• Inflexible: The scheme provides no incentive for an employee to manage the transition from full time work to retirement by dropping down pay grades or assuming less intense junior positions. This is because pension entitlements are based on final salary. If a worker reduces their final salary pre pension then they cut their pension entitlement.
  • Crowding out of the private sector: Private enterprise is increasingly constrained particularly in the north east. Employers cannot equal the generous pay and conditions provided by the public sector. Nine out of ten private sector final salary schemes have been closed to new members.

The Conservatives have suggested we put an arbitrary cap on the benefits pension scheme members can receive. This is a short term fix not a long term solution. The Labour party have decided to place the costs of what little reform they have achieved entirely on new pension scheme members e.g. the increase in pension age from 60 to 65 applies only to new members. This is deeply unfair to younger pension scheme members. Instead we need to manage the change from a final salary LGPS to a more flexible personal accounts system equitably sharing the transition costs between the generations.

Policy Recommendations:

  • Honour existing pension accrued entitlements: Existing pension scheme members have accumulated legal entitlement to payments based on a formula of 1/60th of final salary in pension for each year worked. Existing accrued entitlements should not be altered.
  • Freeze all existing local authority pension entitlements at their current level: There is no legal right for workers to continue to receive the current pension deal for future year’s payments. Each pension member’s existing entitlement should be frozen. At the age of sixty five they should receive a pension based on their last year of earnings before this freeze occurred (increased by the retail price index) times the number of years they worked prior to the freeze.
  • Open new Personal Accounts Pensions for all existing pension scheme contributors: Default all new employees and existing local government pension scheme members into a new local government personal accounts pension scheme. Offer all employees the chance to leave if they
    formally request this.
  • Increase employee contributions: A default employee contribution rate of 8 per cent of salary should be set for all personal account pension scheme members. This represents an increase in the existing personal contribution level which currently ranges 5.5 per cent to 7.5 per cent (this is dependent on income level). The new default rate would compare well with the level of employee pension contributions in the police which ranges from 9.5 per cent to 11.5 per cent.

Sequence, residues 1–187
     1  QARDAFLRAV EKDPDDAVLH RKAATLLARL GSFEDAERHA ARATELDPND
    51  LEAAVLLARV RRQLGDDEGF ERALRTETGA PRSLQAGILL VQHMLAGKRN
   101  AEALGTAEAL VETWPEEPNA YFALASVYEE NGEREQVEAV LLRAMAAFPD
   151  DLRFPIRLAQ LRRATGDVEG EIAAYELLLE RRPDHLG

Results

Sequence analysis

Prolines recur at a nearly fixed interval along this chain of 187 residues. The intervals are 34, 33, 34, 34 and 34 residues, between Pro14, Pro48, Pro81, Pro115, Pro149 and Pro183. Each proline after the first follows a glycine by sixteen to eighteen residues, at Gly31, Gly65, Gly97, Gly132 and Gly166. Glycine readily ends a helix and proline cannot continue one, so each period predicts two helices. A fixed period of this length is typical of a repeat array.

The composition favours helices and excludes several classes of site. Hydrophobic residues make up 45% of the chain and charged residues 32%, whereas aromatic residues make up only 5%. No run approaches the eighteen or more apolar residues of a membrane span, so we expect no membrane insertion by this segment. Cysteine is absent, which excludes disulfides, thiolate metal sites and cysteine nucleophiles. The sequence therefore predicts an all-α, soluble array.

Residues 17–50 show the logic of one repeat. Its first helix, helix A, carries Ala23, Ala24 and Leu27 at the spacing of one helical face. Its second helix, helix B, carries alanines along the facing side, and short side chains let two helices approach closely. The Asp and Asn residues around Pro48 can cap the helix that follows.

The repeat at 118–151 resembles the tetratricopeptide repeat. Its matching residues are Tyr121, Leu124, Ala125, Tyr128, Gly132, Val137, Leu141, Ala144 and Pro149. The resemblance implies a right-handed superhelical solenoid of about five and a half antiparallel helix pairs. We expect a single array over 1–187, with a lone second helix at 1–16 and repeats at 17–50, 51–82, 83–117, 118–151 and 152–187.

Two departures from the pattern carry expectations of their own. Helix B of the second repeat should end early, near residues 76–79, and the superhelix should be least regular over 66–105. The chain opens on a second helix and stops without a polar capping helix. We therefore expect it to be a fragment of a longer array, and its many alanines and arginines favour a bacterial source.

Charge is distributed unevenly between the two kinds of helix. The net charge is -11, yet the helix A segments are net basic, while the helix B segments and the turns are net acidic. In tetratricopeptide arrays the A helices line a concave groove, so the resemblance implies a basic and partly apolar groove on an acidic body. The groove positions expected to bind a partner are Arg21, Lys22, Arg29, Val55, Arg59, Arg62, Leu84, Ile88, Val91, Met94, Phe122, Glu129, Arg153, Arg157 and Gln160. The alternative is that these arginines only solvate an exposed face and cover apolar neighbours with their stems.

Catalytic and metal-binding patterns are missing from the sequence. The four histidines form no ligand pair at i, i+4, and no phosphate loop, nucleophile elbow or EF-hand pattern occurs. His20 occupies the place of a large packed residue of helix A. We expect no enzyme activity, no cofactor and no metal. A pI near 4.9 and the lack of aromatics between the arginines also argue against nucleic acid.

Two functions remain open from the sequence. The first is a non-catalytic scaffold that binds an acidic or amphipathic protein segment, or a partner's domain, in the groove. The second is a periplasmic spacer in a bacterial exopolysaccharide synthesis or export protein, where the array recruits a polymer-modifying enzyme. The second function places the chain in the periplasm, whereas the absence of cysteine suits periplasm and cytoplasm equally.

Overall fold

• Match employee/employer contributions: Local Authorities should match employee’s personal contributions up to a specified rate e.g. twelve per cent.
  • Use existing pension funds and the savings on reductions to employer contributions to meet existing pension payments: All savings made from the reduced pension contributions employers make to the personal accounts system (they would be paying between 8 and 12 per cent of salary rather than 15.7 per cent on average) should be used to service existing pension liabilities.

By converting local authority pensions from a final salary scheme to a defined contribution scheme value for the taxpayer will be ensured because long term liabilities will be curtailed. By maintaining a relatively high level of employer pension contributions the new system will still be attractive to local authority employees. Allowing employees to invest their own pension funds will ensure that the division between public and private pensions is broken down. Local Authority pensions could become a model pension system which private sector providers would wish to follow.

The views expressed above are my personal views and not those of my employer or any other organisation with which I am associated.